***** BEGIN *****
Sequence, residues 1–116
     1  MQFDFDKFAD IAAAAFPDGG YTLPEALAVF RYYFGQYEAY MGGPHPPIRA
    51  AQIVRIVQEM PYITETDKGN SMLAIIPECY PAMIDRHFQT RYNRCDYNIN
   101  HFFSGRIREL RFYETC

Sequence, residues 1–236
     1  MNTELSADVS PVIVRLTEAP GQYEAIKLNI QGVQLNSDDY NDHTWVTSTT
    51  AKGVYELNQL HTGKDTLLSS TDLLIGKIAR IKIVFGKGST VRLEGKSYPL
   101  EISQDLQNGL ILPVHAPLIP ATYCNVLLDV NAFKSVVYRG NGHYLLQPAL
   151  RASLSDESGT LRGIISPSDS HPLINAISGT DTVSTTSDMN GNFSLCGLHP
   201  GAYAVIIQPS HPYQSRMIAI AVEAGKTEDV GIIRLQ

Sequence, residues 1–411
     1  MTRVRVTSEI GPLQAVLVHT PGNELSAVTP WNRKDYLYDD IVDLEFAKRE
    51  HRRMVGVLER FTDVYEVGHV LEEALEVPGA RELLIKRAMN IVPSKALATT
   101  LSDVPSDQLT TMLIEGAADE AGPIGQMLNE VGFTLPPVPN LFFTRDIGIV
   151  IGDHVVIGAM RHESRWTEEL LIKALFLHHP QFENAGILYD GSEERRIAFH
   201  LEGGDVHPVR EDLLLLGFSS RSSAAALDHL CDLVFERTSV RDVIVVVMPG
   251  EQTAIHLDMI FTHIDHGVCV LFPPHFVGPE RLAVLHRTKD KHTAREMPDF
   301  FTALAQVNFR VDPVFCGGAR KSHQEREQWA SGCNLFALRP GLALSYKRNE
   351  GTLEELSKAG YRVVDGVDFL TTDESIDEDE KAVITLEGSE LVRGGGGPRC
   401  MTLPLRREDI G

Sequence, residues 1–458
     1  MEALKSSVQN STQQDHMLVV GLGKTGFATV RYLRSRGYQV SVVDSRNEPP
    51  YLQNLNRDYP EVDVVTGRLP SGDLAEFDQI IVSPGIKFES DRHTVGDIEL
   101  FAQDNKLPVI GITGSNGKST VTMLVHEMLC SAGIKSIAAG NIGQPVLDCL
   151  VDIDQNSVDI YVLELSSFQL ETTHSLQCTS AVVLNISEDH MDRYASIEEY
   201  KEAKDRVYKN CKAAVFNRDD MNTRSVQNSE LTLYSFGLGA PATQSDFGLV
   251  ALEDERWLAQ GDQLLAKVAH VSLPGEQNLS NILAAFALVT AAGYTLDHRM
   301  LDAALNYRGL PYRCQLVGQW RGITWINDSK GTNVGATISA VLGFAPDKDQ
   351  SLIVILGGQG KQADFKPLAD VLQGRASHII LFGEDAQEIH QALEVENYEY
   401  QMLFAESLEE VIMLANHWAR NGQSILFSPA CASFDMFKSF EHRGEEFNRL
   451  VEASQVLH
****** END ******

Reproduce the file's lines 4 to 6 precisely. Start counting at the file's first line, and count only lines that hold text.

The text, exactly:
   101  HFFSGRIREL RFYETC

Sequence, residues 1–236
     1  MNTELSADVS PVIVRLTEAP GQYEAIKLNI QGVQLNSDDY NDHTWVTSTT